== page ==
What is Blockchain? This is a very common question and forms part of our Frequently Asked Questions resource library that we are building.
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Blockchain is a relatively new term, only gaining prominence around 2015, as the Google Trends graph shows below. The search volumes on Google have certainly increased exponentially from 2015 onward.
It’s pointless re-inventing the wheel, when there are so many great resources that have already answered the question “What is Blockchain?”.
Here are 3 really great videos that answers the question:
World Economic Forum Video
Simplified Explanation of Blockchain on Ted Talk
Blockchain Simply Explained in Context of Financial Services
To understand what Blockchain is, lets examine some of its characteristics:
- Blockchain is decentralised or distributed. This means that there is no central authority or body controlling it. Its a network of nodes that are synchronised. Each node is a computer that saves a copy of the entire blockchain. A node relays a transaction on the blockchain and also validates it. So nodes (or people controlling the nodes) take on the responsibility that traditional centralised bodies took, to identify and validate a transaction.
- The Blockchain is immutable. This simply means that it is incorruptible. Once a transaction is recorded, it can’t be changed. Millions of computers in the node checks and validate the blockchain network many times in a day. It easy to manipulate one, maybe two, or even ten computers. However, trying to manipulate millions of computers with the same records, is nearly impossible. Its of course not 100% safe, as there is a small possibility that someone could invest a super computer that could manipulate the blockchain network. However, practically, this is almost impossible – at least for now.
- Consensus is needed for a transaction to be concluded on the Blockchain. Before a transaction is concluded on the blockchain, it must be validated through consensus. So the network will validate the identity of the transacting parties – confirming who they say they are. It also seeks agreement about the terms of the transaction. Once consensus is reached, only then can the transaction be concluded. This process helps to deal weed out fraudulent or inaccurate transactions, adding a further layer of security.
- The Blockchain facilitates “smart contracts”. The characteristics (or legal terms) of a transaction are stored on the blockchain, and contracts are concluded according these rules. So everyone is forced to play by the rules. Think of a stock exchange. The exchange verifies the identity of the buyer and the seller. It then administers the contract between the buyer and the seller, ensuring that the seller delivers the right amount of shares to the buyer and that the buyer pays the agreed amount of money to the seller in exchange. On a blockchain, the transaction is automatically validated and settled using smart contracts.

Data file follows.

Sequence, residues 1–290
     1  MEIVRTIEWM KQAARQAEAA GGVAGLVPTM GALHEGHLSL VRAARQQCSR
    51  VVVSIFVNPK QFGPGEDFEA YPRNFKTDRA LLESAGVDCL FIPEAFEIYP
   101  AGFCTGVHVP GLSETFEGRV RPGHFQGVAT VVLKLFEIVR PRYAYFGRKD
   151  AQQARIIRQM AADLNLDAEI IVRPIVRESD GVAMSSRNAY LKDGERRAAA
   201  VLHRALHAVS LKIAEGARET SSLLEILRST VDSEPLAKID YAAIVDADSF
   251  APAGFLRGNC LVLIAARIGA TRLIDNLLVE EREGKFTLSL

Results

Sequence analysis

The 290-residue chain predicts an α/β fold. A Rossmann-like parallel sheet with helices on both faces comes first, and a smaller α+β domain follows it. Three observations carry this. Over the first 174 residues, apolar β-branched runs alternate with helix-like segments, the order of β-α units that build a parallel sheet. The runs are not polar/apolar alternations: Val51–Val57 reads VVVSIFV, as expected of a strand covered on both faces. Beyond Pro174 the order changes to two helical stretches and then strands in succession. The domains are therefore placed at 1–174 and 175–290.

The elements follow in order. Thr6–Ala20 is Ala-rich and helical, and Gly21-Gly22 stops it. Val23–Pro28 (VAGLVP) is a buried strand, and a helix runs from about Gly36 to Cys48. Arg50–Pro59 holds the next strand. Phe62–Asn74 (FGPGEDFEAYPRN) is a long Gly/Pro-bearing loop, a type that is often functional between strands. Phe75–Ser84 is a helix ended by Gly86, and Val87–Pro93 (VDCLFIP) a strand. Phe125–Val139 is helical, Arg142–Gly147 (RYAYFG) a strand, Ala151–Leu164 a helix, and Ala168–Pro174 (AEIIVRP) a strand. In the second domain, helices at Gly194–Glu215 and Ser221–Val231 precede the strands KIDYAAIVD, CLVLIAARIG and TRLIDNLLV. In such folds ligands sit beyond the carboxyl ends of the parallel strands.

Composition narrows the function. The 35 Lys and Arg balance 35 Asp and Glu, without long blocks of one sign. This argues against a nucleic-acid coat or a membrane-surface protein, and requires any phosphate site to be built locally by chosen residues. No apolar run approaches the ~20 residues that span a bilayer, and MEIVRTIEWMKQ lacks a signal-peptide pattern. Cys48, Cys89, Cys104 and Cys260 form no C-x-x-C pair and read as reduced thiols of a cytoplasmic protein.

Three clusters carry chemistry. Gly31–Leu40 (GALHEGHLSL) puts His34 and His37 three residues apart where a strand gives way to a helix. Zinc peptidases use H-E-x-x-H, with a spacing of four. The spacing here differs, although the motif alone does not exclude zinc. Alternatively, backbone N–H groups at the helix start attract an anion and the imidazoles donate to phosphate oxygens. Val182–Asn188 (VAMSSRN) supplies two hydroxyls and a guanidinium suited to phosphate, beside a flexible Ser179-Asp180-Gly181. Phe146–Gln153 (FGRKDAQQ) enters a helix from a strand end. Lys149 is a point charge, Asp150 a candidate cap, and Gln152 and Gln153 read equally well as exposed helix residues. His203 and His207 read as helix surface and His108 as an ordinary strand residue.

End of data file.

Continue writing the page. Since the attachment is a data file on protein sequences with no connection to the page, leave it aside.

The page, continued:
It is these very characteristics that make the blockchain so interesting and revolutionary. When used in the right way, it has the potential to disrupt many industries and businesses.
Possible Uses of Blockchain
There are many large and small players, as well as governments, looking into how they can use the Blockchain. Here are some examples:
- Payment systems: Blockchain powered the Bitcoin transaction and is the best known and most proven use of this new technology. It offers huge advantages, especially in the developing world, where people don’t have access to banks or even an identity in some cases.
- Asset Registry: Physical assets such as property and diamonds, or digital assets such as movies and music, can be cryptographically registered on the blockchain network. Any transaction related to this asset can be carried out and validated on the blockchain. For example, imagine how quickly a property transaction could be concluded if all information related to that property resided accurately and truthfully on the blockchain.
- Exchanges: Banks, other organisations and people could transact with each other, without going through an exchange. For example, banks are exploring how they can trade between themselves without going through a clearing house.
- Digital Identity: Once you get your identity on the blockchain and its verified, you would never need to carry an identity card or passport ever again. The blockchain could for example store any bio metric information related to you, that would easily identify you through suitable technology. Using the blockchain, tracking and managing of digital identities can be done in a secure way. Fraud can be avoided. For example, a blockchain based identity can be used as a passport, driver’s license, birth certificate, benefits claim, etc.
- Digital Voting: The blockchain would avoid vote rigging and speed up the vote counting process, ensuring an efficient, free and fair voting process.
Let me know if you can think of more example. We’ll keep updating this post.
In conclusion, Blockchain can’t be ignored. Its a revolution akin to the internet. It will bring about many changes to the world we live in. Hopefully for the better.
Many are experimenting with possible uses of this new technology. Solutions remain in Proof of Concept (POC) at the time of writing. As we get to better understand this technology, I have no doubt that solutions will move out of POC and into mainstream business.
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